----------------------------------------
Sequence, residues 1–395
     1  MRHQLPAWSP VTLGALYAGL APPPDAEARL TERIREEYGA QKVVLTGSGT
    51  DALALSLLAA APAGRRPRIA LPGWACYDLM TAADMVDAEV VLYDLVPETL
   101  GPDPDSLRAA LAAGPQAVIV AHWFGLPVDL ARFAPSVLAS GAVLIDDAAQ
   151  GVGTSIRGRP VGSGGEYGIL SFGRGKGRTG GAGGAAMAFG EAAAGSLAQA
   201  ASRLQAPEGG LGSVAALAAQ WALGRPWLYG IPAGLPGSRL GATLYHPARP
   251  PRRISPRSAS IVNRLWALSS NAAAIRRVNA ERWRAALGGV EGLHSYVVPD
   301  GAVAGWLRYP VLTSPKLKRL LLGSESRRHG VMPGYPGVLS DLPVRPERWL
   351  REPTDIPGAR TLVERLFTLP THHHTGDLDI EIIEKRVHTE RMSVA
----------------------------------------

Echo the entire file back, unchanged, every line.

Sequence, residues 1–395
     1  MRHQLPAWSP VTLGALYAGL APPPDAEARL TERIREEYGA QKVVLTGSGT
    51  DALALSLLAA APAGRRPRIA LPGWACYDLM TAADMVDAEV VLYDLVPETL
   101  GPDPDSLRAA LAAGPQAVIV AHWFGLPVDL ARFAPSVLAS GAVLIDDAAQ
   151  GVGTSIRGRP VGSGGEYGIL SFGRGKGRTG GAGGAAMAFG EAAAGSLAQA
   201  ASRLQAPEGG LGSVAALAAQ WALGRPWLYG IPAGLPGSRL GATLYHPARP
   251  PRRISPRSAS IVNRLWALSS NAAAIRRVNA ERWRAALGGV EGLHSYVVPD
   301  GAVAGWLRYP VLTSPKLKRL LLGSESRRHG VMPGYPGVLS DLPVRPERWL
   351  REPTDIPGAR TLVERLFTLP THHHTGDLDI EIIEKRVHTE RMSVA